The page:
I experienced it in a series of quiet moments. Walking in the front door in the morning and realizing this would not be “my place” much longer, watching the team execute with competence and compassion but realizing that it wouldn’t continue, and doing routine tasks with an unusual enjoyment but also a sense of finality. Michelle and I had made the decision together. The work was good and valuable and productive, but we both knew that the time had come for something new. It was what I had done for the last six or seven years, my professional identity. And it was ending.
Living with a psychologist I knew the symptoms: grief, loss, a temptation to negotiate an alternate ending. This was the end of a major and fulfilling part of life. A small death.
In today’s Ask Dr. B, a reader asks how to help her father who is grieving during the first Christmas after his wife’s death.
In today’s Ask Dr. B, Dr. Bengtson provides helpful tips on how to walk alongside someone who is depressed during the holidays. #depression #mentalhealth
I see patients every day who struggle to love themselves or others. It is only when we receive the Father’s love that we can love ourselves.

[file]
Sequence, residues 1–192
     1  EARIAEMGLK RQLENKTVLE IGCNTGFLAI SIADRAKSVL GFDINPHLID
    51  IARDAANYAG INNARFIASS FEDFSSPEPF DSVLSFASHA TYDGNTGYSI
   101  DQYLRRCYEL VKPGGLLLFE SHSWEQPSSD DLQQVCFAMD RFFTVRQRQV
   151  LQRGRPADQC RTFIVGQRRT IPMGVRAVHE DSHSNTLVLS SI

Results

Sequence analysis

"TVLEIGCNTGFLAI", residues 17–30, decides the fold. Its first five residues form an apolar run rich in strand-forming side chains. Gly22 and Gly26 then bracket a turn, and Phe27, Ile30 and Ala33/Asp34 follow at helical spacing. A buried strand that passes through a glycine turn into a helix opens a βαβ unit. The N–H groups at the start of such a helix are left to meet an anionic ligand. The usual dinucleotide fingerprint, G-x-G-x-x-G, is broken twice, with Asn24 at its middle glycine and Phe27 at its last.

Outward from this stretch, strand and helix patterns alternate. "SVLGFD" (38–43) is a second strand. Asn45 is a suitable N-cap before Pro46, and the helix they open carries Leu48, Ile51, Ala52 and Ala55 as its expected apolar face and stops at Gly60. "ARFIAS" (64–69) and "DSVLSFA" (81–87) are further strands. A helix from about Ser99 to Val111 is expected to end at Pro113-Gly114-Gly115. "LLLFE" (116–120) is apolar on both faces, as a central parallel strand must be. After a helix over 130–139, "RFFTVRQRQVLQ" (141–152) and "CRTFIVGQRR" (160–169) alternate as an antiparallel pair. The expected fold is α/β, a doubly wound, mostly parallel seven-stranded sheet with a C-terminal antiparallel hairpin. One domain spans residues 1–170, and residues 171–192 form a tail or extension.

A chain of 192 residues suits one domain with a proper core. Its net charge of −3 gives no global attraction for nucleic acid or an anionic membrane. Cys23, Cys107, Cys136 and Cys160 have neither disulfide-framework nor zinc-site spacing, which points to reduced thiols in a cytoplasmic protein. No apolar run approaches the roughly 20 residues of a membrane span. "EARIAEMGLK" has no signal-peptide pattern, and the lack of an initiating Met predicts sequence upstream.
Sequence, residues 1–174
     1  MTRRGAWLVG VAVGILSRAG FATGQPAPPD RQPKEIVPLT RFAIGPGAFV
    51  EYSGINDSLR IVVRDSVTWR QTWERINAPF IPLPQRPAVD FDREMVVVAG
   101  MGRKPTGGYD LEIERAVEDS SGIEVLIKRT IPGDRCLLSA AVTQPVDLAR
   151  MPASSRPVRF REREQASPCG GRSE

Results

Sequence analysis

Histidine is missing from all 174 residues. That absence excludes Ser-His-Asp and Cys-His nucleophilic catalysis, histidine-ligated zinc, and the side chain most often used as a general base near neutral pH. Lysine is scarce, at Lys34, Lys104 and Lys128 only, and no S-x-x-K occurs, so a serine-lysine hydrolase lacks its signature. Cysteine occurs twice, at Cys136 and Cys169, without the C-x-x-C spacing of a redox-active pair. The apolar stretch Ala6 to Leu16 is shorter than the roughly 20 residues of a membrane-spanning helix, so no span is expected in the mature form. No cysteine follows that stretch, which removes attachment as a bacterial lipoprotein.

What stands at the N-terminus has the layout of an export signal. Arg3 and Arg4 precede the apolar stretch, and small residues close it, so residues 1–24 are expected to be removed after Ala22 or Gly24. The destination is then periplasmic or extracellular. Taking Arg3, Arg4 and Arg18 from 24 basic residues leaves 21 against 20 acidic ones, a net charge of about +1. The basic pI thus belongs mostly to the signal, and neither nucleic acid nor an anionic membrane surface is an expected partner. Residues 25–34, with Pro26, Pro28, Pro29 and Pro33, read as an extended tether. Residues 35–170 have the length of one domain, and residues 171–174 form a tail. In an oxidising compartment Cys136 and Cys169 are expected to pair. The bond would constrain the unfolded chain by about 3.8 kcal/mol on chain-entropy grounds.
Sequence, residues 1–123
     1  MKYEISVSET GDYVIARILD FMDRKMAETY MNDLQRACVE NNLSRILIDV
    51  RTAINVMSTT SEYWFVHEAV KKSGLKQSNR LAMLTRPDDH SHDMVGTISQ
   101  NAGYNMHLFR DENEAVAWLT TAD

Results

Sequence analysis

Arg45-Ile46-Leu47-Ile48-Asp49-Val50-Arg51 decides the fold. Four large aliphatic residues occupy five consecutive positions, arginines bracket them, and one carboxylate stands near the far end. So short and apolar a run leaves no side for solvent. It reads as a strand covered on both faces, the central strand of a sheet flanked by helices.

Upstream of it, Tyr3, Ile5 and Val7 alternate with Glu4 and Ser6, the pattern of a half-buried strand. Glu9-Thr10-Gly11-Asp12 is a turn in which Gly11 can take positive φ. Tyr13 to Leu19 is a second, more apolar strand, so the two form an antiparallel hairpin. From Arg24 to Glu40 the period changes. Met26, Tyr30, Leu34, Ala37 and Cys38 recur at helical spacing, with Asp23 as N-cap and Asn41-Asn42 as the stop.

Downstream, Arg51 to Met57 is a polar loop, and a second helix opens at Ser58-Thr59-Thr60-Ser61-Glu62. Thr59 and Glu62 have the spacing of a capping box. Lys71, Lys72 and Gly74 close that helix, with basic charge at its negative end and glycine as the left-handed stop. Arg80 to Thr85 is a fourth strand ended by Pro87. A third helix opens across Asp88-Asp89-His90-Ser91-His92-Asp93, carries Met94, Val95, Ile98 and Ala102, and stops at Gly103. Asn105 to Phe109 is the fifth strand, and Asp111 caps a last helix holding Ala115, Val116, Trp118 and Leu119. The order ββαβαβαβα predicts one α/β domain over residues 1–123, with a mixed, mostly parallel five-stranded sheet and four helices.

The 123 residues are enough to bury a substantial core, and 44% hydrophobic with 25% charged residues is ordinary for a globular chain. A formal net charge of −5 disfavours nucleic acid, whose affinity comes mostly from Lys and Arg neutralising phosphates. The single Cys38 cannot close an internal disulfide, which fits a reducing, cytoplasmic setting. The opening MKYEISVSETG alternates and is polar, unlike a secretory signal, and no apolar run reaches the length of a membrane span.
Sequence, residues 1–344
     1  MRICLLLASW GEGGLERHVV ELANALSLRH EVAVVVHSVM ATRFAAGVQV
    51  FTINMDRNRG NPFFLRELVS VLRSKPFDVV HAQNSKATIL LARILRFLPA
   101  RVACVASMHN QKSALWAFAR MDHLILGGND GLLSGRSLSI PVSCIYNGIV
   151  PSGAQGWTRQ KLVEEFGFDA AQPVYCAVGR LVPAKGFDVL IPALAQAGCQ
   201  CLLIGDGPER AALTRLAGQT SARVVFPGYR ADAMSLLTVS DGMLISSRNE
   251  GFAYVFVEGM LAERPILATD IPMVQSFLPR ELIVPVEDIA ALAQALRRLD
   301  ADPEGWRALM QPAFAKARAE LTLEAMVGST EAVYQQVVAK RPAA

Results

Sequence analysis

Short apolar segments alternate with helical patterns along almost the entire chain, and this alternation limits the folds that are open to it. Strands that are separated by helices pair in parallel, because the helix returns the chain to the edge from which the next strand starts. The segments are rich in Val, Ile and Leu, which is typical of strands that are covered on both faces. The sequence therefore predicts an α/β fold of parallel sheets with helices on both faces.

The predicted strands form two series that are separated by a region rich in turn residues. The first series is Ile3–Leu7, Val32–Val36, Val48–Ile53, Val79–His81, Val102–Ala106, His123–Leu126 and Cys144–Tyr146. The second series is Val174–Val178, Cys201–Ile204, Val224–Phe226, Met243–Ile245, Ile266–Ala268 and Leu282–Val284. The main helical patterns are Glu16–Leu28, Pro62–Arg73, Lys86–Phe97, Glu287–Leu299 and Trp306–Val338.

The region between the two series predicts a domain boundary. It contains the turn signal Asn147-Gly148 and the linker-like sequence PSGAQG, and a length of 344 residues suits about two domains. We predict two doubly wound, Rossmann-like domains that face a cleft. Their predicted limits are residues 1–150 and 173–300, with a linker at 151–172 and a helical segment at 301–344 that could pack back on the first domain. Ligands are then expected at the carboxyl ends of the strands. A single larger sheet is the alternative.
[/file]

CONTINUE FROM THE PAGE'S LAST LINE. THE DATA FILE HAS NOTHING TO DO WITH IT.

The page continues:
Life can change quicker than you can take a breath; sooner than you can finish a thought. I’ve been there many times. Like the time my eyes scanned the computer monitor, willing it to find our baby’s heart beat, but there no longer was one. Please, my heart cried as my womb remained full, but our baby was gone. Or the time when my husband and I sat holding hands, knees touching as we faced the doctor, to be told to get our affairs in order because cancer would claim his life. Or the time no words were said, but the road ahead turned into a sea of red lights; cars and trucks going every which way, and we were powerless to stop it. What do you do then? When pain enters in, and all that is familiar fades away?